Whether you’re a social media agency or a brand, there’s no doubt about one thing– coordinating multiple team members to work on a social media account is challenging. And when I say challenging, I mean hugely stressful. As the creative director at Contentworks, I’ve experienced the struggles first hand, so in this article, I’m going to show you how your team can ace social media collaboration.
Large social media accounts will require more than one team member to work on them. You may be working on the account in shifts or simultaneously. Having multiple team members working on the same account can be fraught with problems which can damage, or even sink, the brand. Here’s just a few of them:
- Tone Inconsistency: Different personalities posting and replying in different ways
- Failure to Collaborate: Duplication or delays in replying, posting, approving
- Organization Chaos: Delays in finding brand assets like images, GIFs, and passwords
- Poor Reporting: You’re doing the work, but nobody is gathering information
Notice a common thread in all these problems? The main problem is communication.
1. Tone Inconsistency
Managing social media in a complex organization isn’t easy. There are multiple departments, leaders, and policies, all of which can lead to confusion. Having different employees answering and posting differently on the same account can also reflect badly on the brand. Perhaps John answers in a formal way while Sarah is playful and fun. The tone of each person’s posts will reflect the brand, influence the customer experience, and affect the outcome.
Your brand needs a clear set of guidelines that manage tone, spelling, style, and brand personality. I’m not talking about a huge PowerPoint presentation. I’m talking about a basic one-page doc that acts as a referral point for staff. The document should include basics like:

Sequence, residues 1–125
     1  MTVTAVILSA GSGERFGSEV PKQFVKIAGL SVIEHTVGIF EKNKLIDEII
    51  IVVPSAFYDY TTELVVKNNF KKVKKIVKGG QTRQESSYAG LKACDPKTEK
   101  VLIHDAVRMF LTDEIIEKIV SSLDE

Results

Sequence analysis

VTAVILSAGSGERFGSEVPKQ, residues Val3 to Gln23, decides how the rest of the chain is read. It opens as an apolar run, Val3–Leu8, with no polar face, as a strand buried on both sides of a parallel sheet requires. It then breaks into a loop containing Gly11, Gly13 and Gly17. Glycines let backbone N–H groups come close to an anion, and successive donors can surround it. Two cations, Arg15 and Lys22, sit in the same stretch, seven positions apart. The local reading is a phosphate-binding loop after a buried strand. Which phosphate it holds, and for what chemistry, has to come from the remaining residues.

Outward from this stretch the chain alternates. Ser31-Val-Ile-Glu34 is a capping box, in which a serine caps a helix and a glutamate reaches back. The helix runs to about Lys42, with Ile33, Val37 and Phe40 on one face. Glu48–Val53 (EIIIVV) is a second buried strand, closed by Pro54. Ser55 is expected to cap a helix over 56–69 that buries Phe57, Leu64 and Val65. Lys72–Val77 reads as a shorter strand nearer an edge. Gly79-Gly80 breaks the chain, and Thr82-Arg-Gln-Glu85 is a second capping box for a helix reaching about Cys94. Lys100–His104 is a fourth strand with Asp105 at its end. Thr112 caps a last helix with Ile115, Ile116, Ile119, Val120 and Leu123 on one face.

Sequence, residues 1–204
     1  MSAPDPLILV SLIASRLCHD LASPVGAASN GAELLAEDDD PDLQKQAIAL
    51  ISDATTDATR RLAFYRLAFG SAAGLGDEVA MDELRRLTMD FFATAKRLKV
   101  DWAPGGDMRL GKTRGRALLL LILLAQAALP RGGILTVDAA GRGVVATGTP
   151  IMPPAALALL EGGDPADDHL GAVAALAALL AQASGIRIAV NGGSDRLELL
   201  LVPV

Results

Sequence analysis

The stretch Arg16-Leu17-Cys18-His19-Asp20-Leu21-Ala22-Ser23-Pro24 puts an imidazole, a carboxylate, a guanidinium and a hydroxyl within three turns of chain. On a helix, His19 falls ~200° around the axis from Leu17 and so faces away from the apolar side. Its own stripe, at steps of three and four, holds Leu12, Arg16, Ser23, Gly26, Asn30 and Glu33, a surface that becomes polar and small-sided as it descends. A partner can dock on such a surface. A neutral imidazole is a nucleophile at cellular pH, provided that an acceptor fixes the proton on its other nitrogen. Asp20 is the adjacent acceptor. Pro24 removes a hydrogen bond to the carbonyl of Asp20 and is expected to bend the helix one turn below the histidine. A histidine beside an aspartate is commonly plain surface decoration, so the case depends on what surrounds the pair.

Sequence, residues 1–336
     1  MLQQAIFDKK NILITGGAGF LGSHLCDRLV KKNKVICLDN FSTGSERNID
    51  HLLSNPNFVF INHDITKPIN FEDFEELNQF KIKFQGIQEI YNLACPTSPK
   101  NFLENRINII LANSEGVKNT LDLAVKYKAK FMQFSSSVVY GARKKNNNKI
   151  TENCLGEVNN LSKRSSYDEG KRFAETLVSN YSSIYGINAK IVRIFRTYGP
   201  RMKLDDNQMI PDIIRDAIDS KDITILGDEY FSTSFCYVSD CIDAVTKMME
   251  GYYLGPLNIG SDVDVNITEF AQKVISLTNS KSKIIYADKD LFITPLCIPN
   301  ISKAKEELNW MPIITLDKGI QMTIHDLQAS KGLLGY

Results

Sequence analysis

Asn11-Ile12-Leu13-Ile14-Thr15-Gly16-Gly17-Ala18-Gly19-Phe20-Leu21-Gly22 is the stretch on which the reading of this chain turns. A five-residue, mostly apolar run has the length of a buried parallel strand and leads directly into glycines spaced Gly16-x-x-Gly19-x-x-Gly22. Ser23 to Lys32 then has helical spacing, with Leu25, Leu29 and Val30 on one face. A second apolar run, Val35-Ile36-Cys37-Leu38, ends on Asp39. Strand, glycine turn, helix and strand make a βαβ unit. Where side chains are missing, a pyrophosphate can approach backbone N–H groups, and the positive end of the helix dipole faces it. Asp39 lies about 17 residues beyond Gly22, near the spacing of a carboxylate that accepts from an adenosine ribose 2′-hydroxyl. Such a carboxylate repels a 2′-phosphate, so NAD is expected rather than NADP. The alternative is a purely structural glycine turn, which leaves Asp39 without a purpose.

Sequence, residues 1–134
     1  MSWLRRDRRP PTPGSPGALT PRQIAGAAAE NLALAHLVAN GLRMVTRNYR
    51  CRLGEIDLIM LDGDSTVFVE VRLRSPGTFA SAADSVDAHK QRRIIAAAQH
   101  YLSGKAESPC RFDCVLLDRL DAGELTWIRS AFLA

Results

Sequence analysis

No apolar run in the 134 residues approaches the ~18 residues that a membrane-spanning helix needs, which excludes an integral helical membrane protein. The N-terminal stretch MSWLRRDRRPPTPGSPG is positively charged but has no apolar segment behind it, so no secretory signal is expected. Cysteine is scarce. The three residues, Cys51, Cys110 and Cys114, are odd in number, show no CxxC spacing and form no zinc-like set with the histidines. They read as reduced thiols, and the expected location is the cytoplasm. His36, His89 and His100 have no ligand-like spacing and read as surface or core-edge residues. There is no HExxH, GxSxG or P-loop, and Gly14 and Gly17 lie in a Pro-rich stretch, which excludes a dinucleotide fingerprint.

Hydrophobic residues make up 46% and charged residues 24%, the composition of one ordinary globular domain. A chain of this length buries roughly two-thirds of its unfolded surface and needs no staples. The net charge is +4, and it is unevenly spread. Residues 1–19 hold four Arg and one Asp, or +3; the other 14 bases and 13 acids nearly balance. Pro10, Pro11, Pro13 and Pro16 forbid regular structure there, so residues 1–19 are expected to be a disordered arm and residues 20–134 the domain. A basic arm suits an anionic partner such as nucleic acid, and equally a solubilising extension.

- The tagline
- The brand voice
- UK or US spelling
- Hex color codes
- The company values
- The customer demographics
Before new staff members begin working on a social media account, be sure that they understand the brand and how to effectively represent it as a team. You can also create saved replies using the Agorapulse dashboard. That means that employees can choose from a list of pre-approved and on brand answers saving time and maintaining consistency.
2. Failure To Collaborate
Failure to effectively collaborate as a team can cause numerous problems. It may mean duplicate replies to the same message or a failure to reply at all. It may also mean too many posts being published or none at all. Worse still, it could cause you to contradict yourself and confuse page fans.
Remember not all social media teams are based in the same physical working space. In my case, I have a team in China and Europe so I can’t just walk into the office and make an announcement. Different time zones, different departments, and different perceptions of what needs to be done can cause huge confusion.
Sending out emails to your colleagues for every action is not a viable solution. The answer is a social media dashboard where team members are assigned different actions and roles. Look at this screenshot from the Agorapulse platform. Here you can assign one of four roles to each user with varying levels of posting, replying, and reporting access.
So immediately you have some clarity over who is authorised to take actions on the social media accounts. Next, you have the option to schedule, queue, and assign actions to others on the team. For example, my junior copywriter may assign a post to me for approval before it goes live. Cool right?
Even better, the panel also shows when someone else is replying to a fan, so you never suffer from embarrassing duplication! I find this system particularly useful for financial services accounts which may have high standards of compliance and legal. Checking that posts are compliant before they go live is super important in this sector. Learn more about team workflow.
3. Organization Chaos
Social media marketing is fast-paced, and this can prompt a lot of corner cutting in a large social media team. I will give you an example of some actual events that occurred (names changed because I love my team!):